February 28, 2000 Congressional Research Service of Library of Congress Holds Daylong Conference on "Informing the Congress and the Nation"
Open to Press, Members of Congress, Congressional Staff
Contact: Helen Dalrymple (202) 707-1940
Request ADA accommodations five business days in advance at (202) 707-6362 or ADA@loc.gov
To commemorate the Library's Bicentennial in 2000, the Library's Congressional Research Service (CRS) is hosting a one-day conference on March 1 with Members of Congress, scholars, and members of the press discussing the various ways in which Congress has acquired the information it needs to make effective legislative decisions, from the early 19th century to the present day.
The morning panel of scholars will discuss the roles that newspapers, exchanges of information in the Member boarding house communities, and caucuses played in informing Members in the first third of the 19th century. The panel will also examine the legislative process during the same period. This panel will meet in the Members' Room, first floor of the Thomas Jefferson Building.
A luncheon session will take place in the Northwest Pavilion of the first floor of the Jefferson Building, LJ 119, with former Members Dale Bumpers, Mickey Edwards, Nancy Kassebaum and David Skaggs exchanging insights and experiences about the various ways in which Members have informed themselves about legislation in the latter part of the 20th century. James H. Billington, Librarian of Congress, will moderate the discussion.
The third and final session of the day, from 2:30 to 4:30 p.m. in the Members' Room, features a panel of journalists who will share their perspectives on the evolution of the informing function in the contemporary Congress, including the influence of radio and television.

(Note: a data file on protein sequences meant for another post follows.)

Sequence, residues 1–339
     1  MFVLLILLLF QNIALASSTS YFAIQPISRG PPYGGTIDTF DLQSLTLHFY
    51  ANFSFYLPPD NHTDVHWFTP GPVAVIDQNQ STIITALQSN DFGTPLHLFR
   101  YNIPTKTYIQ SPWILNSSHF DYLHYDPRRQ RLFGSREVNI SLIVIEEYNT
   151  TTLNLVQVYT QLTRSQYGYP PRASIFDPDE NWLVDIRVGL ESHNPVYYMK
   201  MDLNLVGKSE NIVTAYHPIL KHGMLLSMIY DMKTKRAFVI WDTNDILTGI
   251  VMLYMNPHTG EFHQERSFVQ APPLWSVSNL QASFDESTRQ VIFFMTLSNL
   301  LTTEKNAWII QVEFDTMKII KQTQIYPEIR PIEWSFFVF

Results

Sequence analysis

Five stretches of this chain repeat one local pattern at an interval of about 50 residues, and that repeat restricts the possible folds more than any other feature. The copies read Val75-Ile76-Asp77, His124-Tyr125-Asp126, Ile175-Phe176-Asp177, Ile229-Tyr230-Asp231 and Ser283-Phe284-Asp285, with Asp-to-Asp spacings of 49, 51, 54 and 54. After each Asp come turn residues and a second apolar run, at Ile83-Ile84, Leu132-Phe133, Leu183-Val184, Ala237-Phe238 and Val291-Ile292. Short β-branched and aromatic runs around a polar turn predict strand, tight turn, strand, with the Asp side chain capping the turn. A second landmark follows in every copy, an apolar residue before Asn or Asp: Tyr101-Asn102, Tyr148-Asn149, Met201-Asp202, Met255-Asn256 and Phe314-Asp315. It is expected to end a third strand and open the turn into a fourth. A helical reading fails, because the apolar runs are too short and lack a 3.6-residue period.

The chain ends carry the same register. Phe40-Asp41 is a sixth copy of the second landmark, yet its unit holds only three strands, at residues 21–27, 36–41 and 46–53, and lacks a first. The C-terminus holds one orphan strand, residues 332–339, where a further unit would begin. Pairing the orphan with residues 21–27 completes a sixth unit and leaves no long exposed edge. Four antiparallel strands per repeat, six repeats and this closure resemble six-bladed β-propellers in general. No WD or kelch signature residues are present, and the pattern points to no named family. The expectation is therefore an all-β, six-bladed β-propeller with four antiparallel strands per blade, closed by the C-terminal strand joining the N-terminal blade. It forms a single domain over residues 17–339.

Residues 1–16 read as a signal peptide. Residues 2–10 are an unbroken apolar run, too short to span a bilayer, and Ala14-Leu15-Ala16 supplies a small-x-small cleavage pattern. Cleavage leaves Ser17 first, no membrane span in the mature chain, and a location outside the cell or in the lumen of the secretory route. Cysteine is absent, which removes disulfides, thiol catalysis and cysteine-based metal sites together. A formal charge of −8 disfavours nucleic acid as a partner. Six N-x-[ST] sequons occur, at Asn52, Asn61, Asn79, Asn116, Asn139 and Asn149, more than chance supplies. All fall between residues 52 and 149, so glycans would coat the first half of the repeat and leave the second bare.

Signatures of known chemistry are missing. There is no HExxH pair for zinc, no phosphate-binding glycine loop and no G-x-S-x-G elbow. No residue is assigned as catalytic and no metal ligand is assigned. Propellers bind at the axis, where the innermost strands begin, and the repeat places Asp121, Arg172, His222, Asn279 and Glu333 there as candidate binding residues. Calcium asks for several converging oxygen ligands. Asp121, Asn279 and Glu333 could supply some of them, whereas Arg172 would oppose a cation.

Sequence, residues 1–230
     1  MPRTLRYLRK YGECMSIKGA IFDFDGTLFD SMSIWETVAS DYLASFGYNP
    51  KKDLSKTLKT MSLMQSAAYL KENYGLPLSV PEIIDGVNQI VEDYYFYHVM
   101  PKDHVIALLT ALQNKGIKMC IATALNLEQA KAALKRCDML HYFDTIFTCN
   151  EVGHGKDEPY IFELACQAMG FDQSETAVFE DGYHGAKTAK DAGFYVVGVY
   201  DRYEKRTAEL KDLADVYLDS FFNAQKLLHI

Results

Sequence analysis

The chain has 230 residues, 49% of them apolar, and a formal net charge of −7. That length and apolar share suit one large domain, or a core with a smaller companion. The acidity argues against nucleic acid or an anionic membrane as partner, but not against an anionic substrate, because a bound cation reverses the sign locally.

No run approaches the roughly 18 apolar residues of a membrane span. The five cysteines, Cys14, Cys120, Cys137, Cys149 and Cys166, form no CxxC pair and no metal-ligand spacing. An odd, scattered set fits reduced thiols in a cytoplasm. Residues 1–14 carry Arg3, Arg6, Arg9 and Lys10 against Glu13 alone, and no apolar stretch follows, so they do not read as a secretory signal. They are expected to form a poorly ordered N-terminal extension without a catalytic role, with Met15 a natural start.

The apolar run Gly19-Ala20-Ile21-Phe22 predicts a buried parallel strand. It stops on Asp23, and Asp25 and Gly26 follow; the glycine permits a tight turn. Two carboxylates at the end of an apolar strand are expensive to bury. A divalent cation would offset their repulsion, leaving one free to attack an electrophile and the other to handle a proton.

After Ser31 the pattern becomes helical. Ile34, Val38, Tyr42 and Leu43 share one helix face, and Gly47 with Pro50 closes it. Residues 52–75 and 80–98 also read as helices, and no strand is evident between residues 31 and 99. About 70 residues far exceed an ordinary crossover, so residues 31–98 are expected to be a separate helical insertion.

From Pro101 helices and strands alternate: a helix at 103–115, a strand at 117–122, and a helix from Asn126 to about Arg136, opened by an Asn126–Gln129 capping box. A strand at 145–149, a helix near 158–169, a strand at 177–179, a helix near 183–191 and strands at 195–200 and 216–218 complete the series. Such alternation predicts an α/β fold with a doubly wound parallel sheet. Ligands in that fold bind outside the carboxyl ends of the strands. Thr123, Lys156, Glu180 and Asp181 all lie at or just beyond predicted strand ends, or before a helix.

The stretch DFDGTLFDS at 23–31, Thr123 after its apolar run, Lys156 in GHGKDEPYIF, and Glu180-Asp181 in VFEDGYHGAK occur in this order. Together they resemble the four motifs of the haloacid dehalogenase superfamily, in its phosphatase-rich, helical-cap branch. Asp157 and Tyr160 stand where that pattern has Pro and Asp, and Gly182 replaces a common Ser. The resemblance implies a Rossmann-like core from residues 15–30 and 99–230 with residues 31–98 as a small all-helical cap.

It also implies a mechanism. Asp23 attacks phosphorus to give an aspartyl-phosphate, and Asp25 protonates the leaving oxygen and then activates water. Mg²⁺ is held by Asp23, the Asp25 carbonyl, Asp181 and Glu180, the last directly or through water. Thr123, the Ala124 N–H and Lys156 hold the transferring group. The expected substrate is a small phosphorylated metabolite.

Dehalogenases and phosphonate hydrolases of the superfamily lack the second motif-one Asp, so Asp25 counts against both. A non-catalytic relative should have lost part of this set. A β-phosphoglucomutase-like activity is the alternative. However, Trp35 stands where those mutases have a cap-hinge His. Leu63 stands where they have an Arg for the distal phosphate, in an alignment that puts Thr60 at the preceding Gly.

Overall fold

Because of limited space, the daylong conference is open only to Members of Congress, their staffs, and members of the press. The conference is supported in part by a grant from the Teresa and H. John Heinz III Foundation.
The Congressional Research Service, an administrative unit within the Library of Congress, works exclusively and directly for all Members and committees of Congress in support of their legislative, oversight and representative functions. CRS provides research, analysis and informational services that are timely, objective, nonpartisan and confidential on a wide range of domestic and international legislative issues.
The full program for the conference is attached.
Informing the Congress and the Nation
A Library of Congress -- Congressional Research Service Bicentennial Conference
March 1, 2000
Morning Panel -- Congress: The Information Function in the Early Republic
Members' Room, Jefferson Building
9:00 a.m. to noon
The panel will discuss the ways Congress informed itself in the first third of the 19th century, including newspapers, circular letters, and the role of caucuses and Member boarding house communities in Washington. The panelists will also examine the legislative process during the same period, including sources of legislation, research, bill drafting, and Members' relationship with the fledgling Library of Congress.
Dr. Noble Cunningham, Moderator
Dr. Richard John, University of Illinois, Chicago
Dr. Thomas Leonard, University of California, Berkley
Dr. Donald Ritchie, Associate Historian, U.S. Senate Historical Office
Luncheon and Former Members Panel
Northwest Pavilion, LJ-119, Jefferson Building
12:30 to 2 p.m.
Former Members of Congress will share and exchange insights, experiences, and perspectives from the standpoint of their distinguished legislative careers on the changing ways Members have informed themselves about legislation as the modern legislature has emerged over the past half-century.
Dr. James H. Billington, Moderator
Honorable Dale Bumpers
Honorable Mickey Edwards
Honorable Nancy Kassebaum
Honorable David Skaggs
Afternoon Panel: The Evolution of Congress and Changing Perceptions of Congress
Jefferson Building -- Members' Room
A panel of journalists will share their perspectives on the evolution of the informing function in the contemporary Congress, including such topics as changes in the ways Members inform themselves on legislation, the growth of interest group politics and the influence of changing technologies, from radio and television to e-mail and the World-Wide Web.
4:30 p.m Closing Remarks
This program is made possible in part by a grant from the Teresa and H. John Heinz III Foundation.